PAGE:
Interaction Energies and Dynamics of Acid−Base Pairs Isolated in Cavitands
J. Org. Chem. , 2008, 73 (17), 6480-6488
The use of capsules and cavitands in physical organic chemistry is briefly reviewed, and their application to the study of salt bridges is introduced. Carboxylate/ammonium ion pairs are generated within an environment that more or less surrounds the functional groups within a synthetic fixed introverted solvent sphere. This is provided by cavitands that fold around amines and present them with a carboxylic acid function. Both organic and water-soluble versions were prepared, and their equilibrium affinities with quinuclidine bases were determined by NMR methods. The association constants range from approximately 103 M-1 in water to more than 105 M-1 in organic solvents. Studies of nitrogen inversion and tumbling of [2.2.2]-diazabicyclooctane within the introverted acids also illustrate the strength of the acid-base interactions. The barriers to in-out exchange of several amine guests were determined to be in the range from 15 to 24 kcal mol-1. Some parallels with enzymes are drawn: the receptor folds around the guest species; presents them with inwardly directed functionality; and provides a generally hydrophobic environment and a periphery of secondary amide bonds.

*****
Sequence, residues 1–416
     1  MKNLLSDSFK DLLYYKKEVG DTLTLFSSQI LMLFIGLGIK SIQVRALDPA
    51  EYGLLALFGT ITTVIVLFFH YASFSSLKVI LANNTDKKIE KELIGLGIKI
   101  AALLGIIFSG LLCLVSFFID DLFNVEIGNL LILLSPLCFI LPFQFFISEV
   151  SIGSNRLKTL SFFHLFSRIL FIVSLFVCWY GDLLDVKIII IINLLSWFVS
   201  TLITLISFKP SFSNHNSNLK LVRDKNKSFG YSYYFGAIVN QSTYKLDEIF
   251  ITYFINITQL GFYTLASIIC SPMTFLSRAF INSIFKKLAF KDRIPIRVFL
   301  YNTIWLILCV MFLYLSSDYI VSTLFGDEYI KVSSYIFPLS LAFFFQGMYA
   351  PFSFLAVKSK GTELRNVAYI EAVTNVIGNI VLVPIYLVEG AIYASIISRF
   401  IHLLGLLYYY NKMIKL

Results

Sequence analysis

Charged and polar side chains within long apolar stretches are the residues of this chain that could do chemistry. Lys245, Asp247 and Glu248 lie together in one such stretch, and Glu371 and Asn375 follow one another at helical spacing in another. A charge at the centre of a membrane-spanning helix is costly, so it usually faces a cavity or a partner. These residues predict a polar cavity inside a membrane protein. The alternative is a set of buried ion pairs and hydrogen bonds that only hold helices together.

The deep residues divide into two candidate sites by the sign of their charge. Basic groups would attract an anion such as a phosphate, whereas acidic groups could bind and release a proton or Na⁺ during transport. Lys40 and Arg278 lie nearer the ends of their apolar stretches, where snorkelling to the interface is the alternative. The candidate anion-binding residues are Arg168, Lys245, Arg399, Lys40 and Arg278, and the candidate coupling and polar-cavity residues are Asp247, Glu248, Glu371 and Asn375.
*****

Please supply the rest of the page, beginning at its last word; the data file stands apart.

Purse B. W.; Butterfield S. M.; Ballester P.; Shivanyuk A.; Rebek J.
J. Org. Chem. 2008, 73 (17), 6480-6488